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Call me skeptical, call me jaded, just don’t call me late for dinner. I once had a girlfriend whose father must have dropped that tired little ditty a million times during the 6-years we were together. I wanted to puncture my ear drums with knitting needles every time he said it. What’s this have to do with real estate, Craig? Not a damn thing, really.

I just read the following headline on Google News; “Fannie Mae Posts Biggest Profit Since 2007.” Then I paused and waited as the needle on my internal  crap-detector rose to the line that reads 100% stinky bull-shit!

You’ll recall that the US Govmt seized Fannie in 2008. Question; how does something get seized by the government when in fact the government already kind of owns it? Since the housing bubble bursted you, me and a few hundred million other tax-paying US Citizens have poured in $116 BILLION dollars (no wonder my bank account has a few less zeroes) of our hard earned money to keep the quasi-governmental agency afloat. And let’s not forget Fannie’s dysfunctional brother Freddie. If Fannie is a hopeless meth-addict selling herself on the street for her next fix, Freddie is crack-head looking for crack-crumbs in the carpet at 4AM. We also contributed an additional to $71.3 billion to Freddie. That’s $200 bill between the two. Someone call Betty Ford, these two need a 12-step program.

And you ‘ll love this, even after posting profits, both agencies came back to the well for more money! Los Angeles Times reporter Jim Puzzanghera writes, “The profit was its first since Fannie Mae reported a $73-million profit in the fourth quarter of 2010. But even then, the company needed $2.6 billion from the federal government to stay afloat and to afford the 10% quarterly dividend it must pay on its bailout.”

How does that work? Each agency posted a profit, but then went back and asked for another $3 billion. And this brings me to the real reason for today’s little rant – don’t believe everything you read or hear! The headline of the story would make you believe that all is good, that we’re turning the corner. You’re a reader of my blog so I know you are smarter. I don’t worry about you.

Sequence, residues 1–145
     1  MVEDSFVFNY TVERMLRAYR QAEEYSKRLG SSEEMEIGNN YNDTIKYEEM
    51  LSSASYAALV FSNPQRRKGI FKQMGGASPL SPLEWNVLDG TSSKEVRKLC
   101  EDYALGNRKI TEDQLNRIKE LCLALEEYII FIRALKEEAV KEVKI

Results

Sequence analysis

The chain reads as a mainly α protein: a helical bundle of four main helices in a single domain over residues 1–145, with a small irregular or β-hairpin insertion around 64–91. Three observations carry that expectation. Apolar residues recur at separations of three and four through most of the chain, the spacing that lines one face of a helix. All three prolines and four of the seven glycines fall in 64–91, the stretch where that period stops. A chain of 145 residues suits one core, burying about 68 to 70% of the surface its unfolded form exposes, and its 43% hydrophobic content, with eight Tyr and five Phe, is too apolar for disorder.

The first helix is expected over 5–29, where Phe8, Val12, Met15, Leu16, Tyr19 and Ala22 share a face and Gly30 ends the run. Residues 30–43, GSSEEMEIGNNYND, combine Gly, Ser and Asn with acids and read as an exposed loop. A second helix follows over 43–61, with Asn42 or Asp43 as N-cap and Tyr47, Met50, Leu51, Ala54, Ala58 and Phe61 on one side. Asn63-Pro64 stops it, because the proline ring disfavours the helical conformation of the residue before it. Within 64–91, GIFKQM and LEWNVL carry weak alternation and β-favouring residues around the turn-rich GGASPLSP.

Tell a Friend To Get Informed

The real reason for this post; my real worry is the other 98% of Americans who get their news from The Daily Show or People Magazine. I worry about people who think that John Stewart is a real news reporter and who’d rather know more about Kim Kardashian’s 6-hour marriage then why we’ve paid $300 billion dollars of our children’s and grand-children’s money to bail-out two agencies that failed through no fault of ours. I’m worried my vote being cancelled out by someone who could regale you with every detail of last night’s episode of The Real Housewives of Atlanta, but could not tell you one thing about the pitfalls of government run healthcare. I’m worried about an electorate who think its super-cool rather than demeaning for their president; the most powerful man in the world to slow jam the news with Jimmy Falon. The approval rating for Congress has fallen to another all-time low; 13%. I’m worried about the 13% who said, “Yes!” WHO IN THE HELL ARE AMONGST THE 13%? Who are these people, where are they getting their news and will the be voting? Scary.

Get informed, people.


Fannie and Freddie are selling houses like Costco sells toilet paper!

With homeownership rates dropping like dresses on prom night and so many families experiencing the sting of foreclosure, rental demands are skyrocketing, which has investors pawing at the doors of homeowners with saliva dripping from their ravenous mouths. Why are investors exhibiting Cujo-like characteristics, you ask? Because the market conditions are ripe for investors to buy dozens, hundreds, and in some cases thousands of homes at huge discounts.


Big property investment playas like Waypoint, GTIS Partners, and Colony Capital are all signing multi-million dollar deals that include upwards of 15,000 or more homes by the end of next year.

But is it a smart move to purchase so many properties and maintain such large portfolios at once? Some critics are concerned that wet-behind-the-ears companies like Waypoint (who focuses on the Bay Area and Southern California) could experience costly rookie mistakes along the way. Waypoint claims to have the technology and infrastructure to succeed, so let’s put it to the test, shall we? Waypoint’s system of algorithms, google maps, and inspector/appraiser reports, calculated a bid of $103,000 for a three-bedroom bungalow in San Bernardino. Joe Maehler, Regional Director of Waypoint’s Southern California office, investigated comparable homes that the company already owned to find that a higher bid would be justified. Plus, the home had other amenities like a pool, which would bump up the price yet again. The auctioneer kicked off the bidding at $114,750 while Maehler set the maximum bid at just over $130,000.

So they are doing drive by’s (no, not low-riders and oozies) to estimate renovation costs, based on the condition of the windows, lawn etc. Sounds pretty scientific to me…NOT!


The company plans to buy properties, paint them, install new carpets, appliances, and fixtures, averaging costs at around $25,000. Wonder what these seasoned pro’s will do when they walk in and see mold, or lead paint? Waypoint seems to be well-intentioned and makes efforts to keep homeowners in their homes during the transition process. However, only ten percent of homeowners have actually hung around to watch the transition. Shocker.